Kremlin Homesteader James Holsapple, 1912

This history of Kremlin Homesteader James Holsapple was written by his grand-daughter, Judi Holsapple Gomke.

Kremlin Homesteader James Holsapple was among the earliest arriving
Kremlin area homesteaders in 1912.

James Franklin Holsapple was born November 14, 1880, in Minnesota to James W. Holsapple and Flora Minerva Croslund. He married on June 22, 1899, in Little Falls, Minnesota, Lenora (Nora) Jeanette Mansfield born July 13,1878, in Minnesota to Franklin E. Mansfield and Mary Jane McDonald.

In 1912, James and his oldest son, Roland F. came to Montana in a boxcar with all their possessions and animals to homestead south of Fresno. It was a free trip from James J. Hill to get people to farm in the west, thus utilizing his railroad.

Nora and the three daughters, Marcia Irene Jeanette, Viola Lucille, and Mildred Lorraine; and son Maurice Edwin (Hap) followed on the passenger train to Kremlin.

Teddy Oltesvig picked them up from the train and drove Nora and the children to the Holsapple homestead near Fresno.

By then Nora's parents, Franklin and Mary Jane Mansfield, were on the adjoining homestead. Irene years later talked about seeing the red and white checkered curtains blowing out of the Mansfield's homestead window as she arrived.

Life on the homestead

The Holsapples had five more children while they lived at Fresno. They were Margret Oline and Ada Marie (twins), Grace Millicent, Ira Lawrence (Bud), and Clifton Eugene. Grace died on the homestead, choking on fresh peas in the garden at two years of age.

James was the Sunday School Superintendent at the Presbyterian Church in Fresno (a building used by various denominations). His children told about him braiding the manes and tails of the team on Saturday so the horses looked good on Sunday morning.

The older girls hated the brown stockings they had to wear to school so they sometimes hid them along the road on the way as they walked to the schoolhouse. Irene and Lucille went to Kremlin High School but since it was a two year school they had to finish in Havre.

School Days

Hap went to Fresno High School until his Senior year in 1924, and went to Havre High to graduate.

His classmates at Fresno High were Morris Berg, Frank Schend, Florence Brokelsby, Hazel Thomas, Frances Thomas, Evelyn Thomas, Chuck Bulman, Tom Bulman and Annie Sohm.

He wrote about he and his Fresno classmates riding on the train to watch the blowing up of Black Butte near Havre for the new highway and then the 17-mile walk home.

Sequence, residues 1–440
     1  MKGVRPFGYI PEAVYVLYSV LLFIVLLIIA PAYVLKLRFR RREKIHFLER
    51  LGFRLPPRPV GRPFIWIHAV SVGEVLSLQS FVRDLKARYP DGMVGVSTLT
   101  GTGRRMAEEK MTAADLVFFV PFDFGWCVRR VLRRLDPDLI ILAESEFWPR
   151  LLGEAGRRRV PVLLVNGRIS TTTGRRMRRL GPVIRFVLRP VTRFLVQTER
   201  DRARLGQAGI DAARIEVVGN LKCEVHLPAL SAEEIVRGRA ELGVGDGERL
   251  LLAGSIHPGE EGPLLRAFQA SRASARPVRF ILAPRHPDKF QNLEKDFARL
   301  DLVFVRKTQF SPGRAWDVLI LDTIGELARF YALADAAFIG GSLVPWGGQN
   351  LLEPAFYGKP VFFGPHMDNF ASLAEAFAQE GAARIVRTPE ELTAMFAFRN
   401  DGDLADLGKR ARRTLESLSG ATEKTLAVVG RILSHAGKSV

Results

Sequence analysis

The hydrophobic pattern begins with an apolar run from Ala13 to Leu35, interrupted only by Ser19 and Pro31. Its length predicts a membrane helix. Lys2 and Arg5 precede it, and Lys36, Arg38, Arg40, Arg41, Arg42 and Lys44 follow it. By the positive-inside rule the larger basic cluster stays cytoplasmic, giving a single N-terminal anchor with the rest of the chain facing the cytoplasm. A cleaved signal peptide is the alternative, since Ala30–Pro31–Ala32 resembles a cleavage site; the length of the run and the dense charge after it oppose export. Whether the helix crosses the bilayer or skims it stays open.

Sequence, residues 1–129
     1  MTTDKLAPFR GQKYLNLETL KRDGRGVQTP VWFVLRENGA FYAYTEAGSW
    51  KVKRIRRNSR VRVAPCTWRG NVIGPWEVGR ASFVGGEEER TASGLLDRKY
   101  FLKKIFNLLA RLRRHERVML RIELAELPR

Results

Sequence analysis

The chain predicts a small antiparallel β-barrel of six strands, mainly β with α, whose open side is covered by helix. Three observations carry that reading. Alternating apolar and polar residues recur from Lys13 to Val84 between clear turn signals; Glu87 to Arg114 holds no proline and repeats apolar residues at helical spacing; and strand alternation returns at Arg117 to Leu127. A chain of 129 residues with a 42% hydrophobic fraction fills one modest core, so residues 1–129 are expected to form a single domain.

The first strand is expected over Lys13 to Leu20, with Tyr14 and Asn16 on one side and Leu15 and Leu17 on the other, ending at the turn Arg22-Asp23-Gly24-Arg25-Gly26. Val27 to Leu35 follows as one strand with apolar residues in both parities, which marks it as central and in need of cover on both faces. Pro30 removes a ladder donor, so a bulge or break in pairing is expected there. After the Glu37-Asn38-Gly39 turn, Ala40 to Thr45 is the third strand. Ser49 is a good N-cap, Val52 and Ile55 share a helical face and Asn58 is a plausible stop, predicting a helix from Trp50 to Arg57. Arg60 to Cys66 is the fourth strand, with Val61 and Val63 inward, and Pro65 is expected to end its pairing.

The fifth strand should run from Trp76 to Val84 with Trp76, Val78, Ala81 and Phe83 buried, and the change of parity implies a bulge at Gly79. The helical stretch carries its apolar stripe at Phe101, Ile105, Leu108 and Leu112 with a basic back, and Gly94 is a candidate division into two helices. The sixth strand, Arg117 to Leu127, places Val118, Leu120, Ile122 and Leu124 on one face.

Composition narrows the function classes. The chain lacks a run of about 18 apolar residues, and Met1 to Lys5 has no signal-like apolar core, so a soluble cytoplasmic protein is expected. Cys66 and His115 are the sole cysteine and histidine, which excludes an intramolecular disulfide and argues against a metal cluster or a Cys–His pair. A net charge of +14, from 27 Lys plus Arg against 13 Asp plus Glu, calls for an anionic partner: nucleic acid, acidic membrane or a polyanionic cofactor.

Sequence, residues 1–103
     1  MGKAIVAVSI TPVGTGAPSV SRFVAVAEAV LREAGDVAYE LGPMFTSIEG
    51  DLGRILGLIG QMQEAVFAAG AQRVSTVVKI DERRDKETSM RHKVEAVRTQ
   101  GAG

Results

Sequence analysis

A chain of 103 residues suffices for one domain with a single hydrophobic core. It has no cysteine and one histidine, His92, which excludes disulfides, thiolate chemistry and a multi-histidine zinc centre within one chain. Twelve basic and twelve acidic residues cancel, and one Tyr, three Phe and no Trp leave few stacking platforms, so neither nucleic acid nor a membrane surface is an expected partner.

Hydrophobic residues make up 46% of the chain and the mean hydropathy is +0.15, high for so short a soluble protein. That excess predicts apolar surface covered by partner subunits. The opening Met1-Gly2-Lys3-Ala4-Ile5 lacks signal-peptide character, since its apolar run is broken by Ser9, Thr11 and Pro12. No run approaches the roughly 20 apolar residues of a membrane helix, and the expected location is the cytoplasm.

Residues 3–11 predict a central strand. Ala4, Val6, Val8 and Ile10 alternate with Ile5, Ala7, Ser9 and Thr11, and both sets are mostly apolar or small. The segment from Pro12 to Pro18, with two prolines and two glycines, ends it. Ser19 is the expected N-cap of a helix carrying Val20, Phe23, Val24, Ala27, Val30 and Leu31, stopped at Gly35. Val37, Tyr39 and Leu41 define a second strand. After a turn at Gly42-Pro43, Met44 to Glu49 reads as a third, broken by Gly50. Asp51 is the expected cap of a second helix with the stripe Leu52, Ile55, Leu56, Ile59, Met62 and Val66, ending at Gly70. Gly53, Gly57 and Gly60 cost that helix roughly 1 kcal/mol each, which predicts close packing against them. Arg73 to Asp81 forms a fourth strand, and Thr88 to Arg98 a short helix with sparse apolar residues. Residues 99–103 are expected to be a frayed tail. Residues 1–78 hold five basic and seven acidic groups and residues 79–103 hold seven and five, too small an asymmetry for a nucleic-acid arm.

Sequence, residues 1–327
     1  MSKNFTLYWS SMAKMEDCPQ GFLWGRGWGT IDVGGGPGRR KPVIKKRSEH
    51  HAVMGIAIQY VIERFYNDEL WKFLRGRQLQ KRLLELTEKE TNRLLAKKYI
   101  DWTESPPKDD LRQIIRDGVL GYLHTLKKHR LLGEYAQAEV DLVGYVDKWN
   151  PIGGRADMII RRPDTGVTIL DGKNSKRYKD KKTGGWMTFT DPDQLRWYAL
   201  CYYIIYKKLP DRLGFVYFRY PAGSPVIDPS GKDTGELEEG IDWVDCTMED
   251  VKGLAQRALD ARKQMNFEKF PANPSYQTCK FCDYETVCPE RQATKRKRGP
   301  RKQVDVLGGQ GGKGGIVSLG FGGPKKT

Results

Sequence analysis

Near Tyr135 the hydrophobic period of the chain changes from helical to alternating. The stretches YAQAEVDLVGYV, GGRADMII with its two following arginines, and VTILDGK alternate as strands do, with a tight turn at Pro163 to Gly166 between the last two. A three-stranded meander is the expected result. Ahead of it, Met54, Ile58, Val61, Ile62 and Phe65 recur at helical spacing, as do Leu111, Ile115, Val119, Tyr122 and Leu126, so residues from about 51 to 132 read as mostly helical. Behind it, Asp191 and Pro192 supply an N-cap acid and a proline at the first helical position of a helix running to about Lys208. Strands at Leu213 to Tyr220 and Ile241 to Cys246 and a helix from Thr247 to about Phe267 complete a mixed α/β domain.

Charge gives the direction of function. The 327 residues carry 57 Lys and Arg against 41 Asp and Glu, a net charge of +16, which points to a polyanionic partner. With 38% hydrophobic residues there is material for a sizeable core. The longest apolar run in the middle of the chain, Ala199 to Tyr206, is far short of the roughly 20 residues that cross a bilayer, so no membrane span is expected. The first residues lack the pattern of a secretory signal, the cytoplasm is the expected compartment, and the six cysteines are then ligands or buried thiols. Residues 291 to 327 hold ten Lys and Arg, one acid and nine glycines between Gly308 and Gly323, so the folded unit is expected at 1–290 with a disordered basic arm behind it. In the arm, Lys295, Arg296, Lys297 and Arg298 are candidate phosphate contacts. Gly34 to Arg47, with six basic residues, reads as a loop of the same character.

Beyond Farming

Jim Holsapple held several positions over time in addition to being a homesteader and farmer. He is listed in the 1910 Census in Minnesota before coming to Montana as a teamster in a paper mill.

During his time in the Kremlin/Fresno area, he managed a large road-building crew which helped upgrade U.S. Highway No. 2, (then known as the Theodore Roosevelt Highway) the first improved road in the Havre area, under a Hill County project. In 1924 James accepted the position of manager of the H. Earl Clack farm southwest of Havre.

James died at 46 years of age in 1925. His sudden death left Nora to raise their children, working at many things to keep her family together. She rented rooms to college student because there were no dorms at the close-by Northern Montana College. She sold homemade bread, and cooked, did laundry and mending at the Kennedy Deaconess Hospital.

When Nora was in danger of losing her family home in Highland Park (Havre) she wrote a letter to Franklin D. Roosevelt asking for help and she got it. Her oldest son, Roland, was a great help to his mother getting the other siblings raised. Nora died in 1955.

Jim Holsapple and road crew 1921

Jim Holsapple and his roadbuilding crew at Pacific Junction west of Havre in 1921.
Photo reprinted by permission and courtesy of Havre Public Library
from Grit Guts and Gusto, A History of Hill County. Click photo to enlarge.

Havre Daily News Promoter
January 21, 1925

Funeral services for the late James Holsapple, who died last Monday morning at the Sacred Heart hospital will be held at 2:30 this afternoon from the Presbyterian church and interment will be in Highland cemetery.

The deceased was 46 years of age and was born in Morrison county Minnesota. He settled on a homestead near Fresno in 1912 where he lived with his family until March 1924 when he accepted the position of manager of the H. Earl Clack farm southwest of the city.

The late Mr. Holsapple was an elder in the Presbyterian church here and had been very active in church affairs. He was a leader of the church community life of Fresno. The surviving members of the family besides the widow, Mrs. James Holsapple, are daughters Mrs. James Gibson, Lucille, Mildred, Ada, and Margaret; and sons Ira, Roland, Morris, and Clifton.

The funeral will be in charge of Rev. W. M. Failey, Rev. Robt. W. Newman of Helena, and the Rev. Conrad Wellen, pastor of the church.

Mr. Holsapple, who has long been a resident of Hill County, has been engaged in farming at Fresno and has been director of road construction on the highway.

He was apparently in good health and it was not until early November that it was learned he was suffering from anaemia. Upon his visit to the Deaconess hospital at Great Falls the doctors pronounced it a pernicious form. In the following weeks he underwent four transfusions of blood which proved to be only of temporary benefit. He has been confined to his bed the past two weeks, and after a few days of rapid change, the end came quickly Monday morning at 9 o'clock.

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